You may not like me asking if Jesus would write what you’re writing, but frankly, if that question makes you uncomfortable, I’m glad. You may not want to consider whether Jesus would read escapist fiction or extremist nonfiction, but I can’t wait for you to come around. We can all keep making excuses for ourselves–our complicity, our choices of reading material, the way things are–or we can seek truth and beauty. One road leads to despair, the other leads to abundant life. The choice is ours.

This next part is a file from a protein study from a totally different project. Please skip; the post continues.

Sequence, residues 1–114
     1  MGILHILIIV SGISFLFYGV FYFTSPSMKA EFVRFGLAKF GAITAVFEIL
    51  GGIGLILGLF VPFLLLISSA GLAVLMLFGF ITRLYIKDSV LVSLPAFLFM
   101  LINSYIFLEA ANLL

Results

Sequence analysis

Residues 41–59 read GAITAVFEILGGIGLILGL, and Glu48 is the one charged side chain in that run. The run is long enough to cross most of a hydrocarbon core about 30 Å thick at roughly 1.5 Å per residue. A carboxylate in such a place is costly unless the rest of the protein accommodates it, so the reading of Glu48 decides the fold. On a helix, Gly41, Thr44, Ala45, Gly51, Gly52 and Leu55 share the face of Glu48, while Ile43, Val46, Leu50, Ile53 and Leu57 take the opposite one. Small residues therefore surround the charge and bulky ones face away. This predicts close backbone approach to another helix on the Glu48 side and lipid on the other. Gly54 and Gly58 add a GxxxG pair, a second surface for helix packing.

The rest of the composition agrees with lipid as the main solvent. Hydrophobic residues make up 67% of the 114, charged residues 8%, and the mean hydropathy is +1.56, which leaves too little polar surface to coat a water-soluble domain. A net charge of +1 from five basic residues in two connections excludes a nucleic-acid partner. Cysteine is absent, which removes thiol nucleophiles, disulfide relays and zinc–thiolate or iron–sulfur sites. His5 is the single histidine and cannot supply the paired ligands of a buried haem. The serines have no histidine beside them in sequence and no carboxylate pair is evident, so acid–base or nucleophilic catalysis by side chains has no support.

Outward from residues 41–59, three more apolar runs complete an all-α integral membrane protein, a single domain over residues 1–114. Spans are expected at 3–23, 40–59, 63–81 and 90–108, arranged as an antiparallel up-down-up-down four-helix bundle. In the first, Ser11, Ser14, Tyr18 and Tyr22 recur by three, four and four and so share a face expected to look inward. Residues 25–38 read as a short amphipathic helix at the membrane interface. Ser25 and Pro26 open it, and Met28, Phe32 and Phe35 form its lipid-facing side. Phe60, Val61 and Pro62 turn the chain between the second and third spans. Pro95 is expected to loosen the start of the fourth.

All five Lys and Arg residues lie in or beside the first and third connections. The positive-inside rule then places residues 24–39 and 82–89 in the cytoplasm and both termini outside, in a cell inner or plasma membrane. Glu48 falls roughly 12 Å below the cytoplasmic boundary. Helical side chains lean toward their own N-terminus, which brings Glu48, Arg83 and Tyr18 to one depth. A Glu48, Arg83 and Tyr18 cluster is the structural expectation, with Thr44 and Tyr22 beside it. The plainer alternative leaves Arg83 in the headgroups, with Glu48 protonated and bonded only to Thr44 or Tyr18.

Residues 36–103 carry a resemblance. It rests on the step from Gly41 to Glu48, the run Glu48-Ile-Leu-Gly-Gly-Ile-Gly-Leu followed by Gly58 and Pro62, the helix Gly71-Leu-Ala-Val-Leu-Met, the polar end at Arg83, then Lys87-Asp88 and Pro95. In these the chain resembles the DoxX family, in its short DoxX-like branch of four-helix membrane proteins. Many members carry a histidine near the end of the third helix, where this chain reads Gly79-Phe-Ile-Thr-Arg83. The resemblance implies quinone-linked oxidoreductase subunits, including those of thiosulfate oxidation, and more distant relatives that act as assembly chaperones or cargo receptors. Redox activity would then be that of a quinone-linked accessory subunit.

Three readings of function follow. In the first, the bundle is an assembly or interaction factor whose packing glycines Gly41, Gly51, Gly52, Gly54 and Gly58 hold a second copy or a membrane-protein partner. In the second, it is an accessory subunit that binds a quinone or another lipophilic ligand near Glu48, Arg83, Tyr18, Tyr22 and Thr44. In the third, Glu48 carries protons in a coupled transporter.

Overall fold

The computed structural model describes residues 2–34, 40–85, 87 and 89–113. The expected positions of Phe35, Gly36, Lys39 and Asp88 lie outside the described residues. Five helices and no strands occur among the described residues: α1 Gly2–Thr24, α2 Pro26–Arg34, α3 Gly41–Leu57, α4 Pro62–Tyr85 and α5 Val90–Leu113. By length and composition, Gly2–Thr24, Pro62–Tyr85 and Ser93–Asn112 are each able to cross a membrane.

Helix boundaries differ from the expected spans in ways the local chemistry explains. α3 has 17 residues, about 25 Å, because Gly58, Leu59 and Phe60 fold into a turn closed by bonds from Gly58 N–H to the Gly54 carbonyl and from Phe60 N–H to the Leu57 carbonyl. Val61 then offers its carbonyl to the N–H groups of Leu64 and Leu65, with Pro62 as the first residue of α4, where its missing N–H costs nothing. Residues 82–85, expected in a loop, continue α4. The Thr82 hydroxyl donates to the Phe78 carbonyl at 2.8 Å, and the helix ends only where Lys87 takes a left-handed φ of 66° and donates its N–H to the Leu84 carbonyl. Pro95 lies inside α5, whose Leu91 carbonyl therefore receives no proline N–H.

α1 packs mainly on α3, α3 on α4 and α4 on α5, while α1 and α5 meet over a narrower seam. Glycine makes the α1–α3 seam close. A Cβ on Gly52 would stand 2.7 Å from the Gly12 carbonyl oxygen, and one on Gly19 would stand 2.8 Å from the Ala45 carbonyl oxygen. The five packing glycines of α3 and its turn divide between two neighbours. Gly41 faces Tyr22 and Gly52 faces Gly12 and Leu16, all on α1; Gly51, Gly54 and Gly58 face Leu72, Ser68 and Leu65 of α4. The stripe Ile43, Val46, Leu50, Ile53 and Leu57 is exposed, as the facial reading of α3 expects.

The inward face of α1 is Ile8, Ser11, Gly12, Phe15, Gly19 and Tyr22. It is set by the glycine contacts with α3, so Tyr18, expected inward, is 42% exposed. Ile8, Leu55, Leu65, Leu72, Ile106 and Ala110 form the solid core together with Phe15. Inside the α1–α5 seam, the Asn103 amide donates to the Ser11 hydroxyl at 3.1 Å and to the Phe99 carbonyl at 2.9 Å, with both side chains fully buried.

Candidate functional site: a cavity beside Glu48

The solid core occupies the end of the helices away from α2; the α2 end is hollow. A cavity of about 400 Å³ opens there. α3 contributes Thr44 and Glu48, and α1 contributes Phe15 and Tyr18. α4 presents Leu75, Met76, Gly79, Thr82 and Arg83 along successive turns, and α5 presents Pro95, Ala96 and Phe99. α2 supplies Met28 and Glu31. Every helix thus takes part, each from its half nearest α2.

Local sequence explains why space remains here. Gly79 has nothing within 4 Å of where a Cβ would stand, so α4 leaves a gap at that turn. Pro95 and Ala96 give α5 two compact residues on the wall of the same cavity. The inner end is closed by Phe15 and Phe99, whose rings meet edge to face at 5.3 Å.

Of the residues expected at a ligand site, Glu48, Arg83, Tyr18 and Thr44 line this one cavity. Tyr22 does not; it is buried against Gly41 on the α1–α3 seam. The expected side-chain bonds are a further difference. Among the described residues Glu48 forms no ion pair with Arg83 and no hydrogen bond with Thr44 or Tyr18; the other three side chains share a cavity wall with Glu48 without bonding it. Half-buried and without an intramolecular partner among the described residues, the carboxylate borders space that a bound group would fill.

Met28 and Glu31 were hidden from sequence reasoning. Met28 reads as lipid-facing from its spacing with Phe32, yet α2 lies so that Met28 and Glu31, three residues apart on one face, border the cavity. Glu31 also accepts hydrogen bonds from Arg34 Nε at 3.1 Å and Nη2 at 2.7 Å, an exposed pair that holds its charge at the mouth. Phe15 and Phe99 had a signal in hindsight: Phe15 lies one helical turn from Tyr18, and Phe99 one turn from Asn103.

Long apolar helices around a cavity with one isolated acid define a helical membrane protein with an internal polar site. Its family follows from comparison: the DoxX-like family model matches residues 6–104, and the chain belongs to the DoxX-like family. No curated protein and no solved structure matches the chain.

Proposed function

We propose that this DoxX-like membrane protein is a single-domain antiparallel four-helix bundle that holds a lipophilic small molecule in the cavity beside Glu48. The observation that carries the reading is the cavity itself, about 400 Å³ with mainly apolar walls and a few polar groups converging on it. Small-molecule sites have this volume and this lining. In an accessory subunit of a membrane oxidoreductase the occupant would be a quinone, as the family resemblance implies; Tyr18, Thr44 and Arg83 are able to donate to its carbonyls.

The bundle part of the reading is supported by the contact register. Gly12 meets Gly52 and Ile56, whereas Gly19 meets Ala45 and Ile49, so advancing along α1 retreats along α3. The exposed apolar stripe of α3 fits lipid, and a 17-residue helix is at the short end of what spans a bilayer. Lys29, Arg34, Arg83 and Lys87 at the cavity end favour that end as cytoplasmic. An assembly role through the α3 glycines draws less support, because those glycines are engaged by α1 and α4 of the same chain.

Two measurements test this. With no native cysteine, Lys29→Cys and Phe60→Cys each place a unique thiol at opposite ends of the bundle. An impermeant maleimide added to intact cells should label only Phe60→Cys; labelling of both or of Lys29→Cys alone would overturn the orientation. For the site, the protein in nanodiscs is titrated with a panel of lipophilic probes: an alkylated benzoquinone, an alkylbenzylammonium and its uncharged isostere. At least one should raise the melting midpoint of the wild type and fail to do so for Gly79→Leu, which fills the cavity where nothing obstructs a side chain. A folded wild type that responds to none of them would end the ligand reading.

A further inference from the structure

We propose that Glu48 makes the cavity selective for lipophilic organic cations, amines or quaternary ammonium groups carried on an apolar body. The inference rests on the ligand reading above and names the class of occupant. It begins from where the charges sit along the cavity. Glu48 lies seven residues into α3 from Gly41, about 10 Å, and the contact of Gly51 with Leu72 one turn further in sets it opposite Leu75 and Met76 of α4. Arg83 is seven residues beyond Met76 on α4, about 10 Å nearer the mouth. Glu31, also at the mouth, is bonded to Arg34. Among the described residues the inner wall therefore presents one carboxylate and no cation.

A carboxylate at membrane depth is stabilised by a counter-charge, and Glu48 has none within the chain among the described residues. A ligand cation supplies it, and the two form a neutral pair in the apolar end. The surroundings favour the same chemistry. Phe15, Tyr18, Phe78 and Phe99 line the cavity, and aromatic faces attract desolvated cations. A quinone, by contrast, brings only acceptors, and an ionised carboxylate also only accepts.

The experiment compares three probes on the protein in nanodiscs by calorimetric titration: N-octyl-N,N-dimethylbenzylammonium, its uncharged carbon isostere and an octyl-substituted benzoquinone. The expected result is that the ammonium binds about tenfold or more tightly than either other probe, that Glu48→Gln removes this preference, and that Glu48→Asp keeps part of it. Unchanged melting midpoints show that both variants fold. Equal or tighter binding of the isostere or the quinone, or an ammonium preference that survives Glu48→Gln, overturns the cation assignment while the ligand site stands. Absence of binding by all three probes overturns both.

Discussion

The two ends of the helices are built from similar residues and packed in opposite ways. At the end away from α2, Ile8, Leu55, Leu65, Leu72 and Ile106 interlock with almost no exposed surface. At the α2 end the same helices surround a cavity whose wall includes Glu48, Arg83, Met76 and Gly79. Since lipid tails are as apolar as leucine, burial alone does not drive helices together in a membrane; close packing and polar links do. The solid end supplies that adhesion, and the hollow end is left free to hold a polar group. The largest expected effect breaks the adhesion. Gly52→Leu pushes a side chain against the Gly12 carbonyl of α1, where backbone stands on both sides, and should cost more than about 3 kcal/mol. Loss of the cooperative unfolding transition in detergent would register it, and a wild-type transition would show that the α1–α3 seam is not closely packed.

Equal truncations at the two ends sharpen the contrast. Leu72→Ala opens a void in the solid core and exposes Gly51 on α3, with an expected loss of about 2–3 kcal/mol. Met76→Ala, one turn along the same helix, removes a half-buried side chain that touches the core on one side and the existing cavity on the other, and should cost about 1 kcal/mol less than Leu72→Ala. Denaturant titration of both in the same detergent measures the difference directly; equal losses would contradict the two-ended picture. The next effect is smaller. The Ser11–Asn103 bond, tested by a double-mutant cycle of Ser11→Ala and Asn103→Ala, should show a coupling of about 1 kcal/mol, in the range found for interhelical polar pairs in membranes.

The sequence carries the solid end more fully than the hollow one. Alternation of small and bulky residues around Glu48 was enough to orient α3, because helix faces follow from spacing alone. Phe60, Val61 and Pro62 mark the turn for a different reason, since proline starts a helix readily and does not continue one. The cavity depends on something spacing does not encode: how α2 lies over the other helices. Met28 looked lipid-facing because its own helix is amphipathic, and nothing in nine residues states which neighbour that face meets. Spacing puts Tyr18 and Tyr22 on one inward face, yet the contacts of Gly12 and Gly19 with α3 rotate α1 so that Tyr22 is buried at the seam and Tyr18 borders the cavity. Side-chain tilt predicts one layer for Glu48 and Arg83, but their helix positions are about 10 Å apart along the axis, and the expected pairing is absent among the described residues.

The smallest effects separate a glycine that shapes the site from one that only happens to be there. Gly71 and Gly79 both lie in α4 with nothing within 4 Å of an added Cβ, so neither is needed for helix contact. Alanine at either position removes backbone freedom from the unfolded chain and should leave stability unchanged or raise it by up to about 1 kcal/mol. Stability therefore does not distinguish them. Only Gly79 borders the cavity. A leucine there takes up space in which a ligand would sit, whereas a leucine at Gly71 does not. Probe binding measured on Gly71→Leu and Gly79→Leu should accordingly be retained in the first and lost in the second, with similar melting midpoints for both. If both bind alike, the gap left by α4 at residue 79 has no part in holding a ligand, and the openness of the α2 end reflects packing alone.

I do not say that writing or reading "commercial" fiction is wrong. Each book is different and your motivation is between you and God. I have not said that literary fiction is better. Much literary fiction is worse because it lies about God just as often. This is not a battle between genre fiction and high art. It is a battle for the distinction between books for God and books for man. Books for God will be books for man by default, naturally, in their entertainment value, in their honesty, their humor, and their unquestionable superiority over any title we might apply ("commercial," "artsy," "edgy," whatever). I’m asking authors to look at your books as though no one else is reading them but God. I’m asking editors to acquire books as though they’re for no one else but God. And I’m asking all of us to put down our egos and get in the fight to reclaim and redeem this holy ground of producing books that attest to the fullness and the richness of our Creator of sacred words.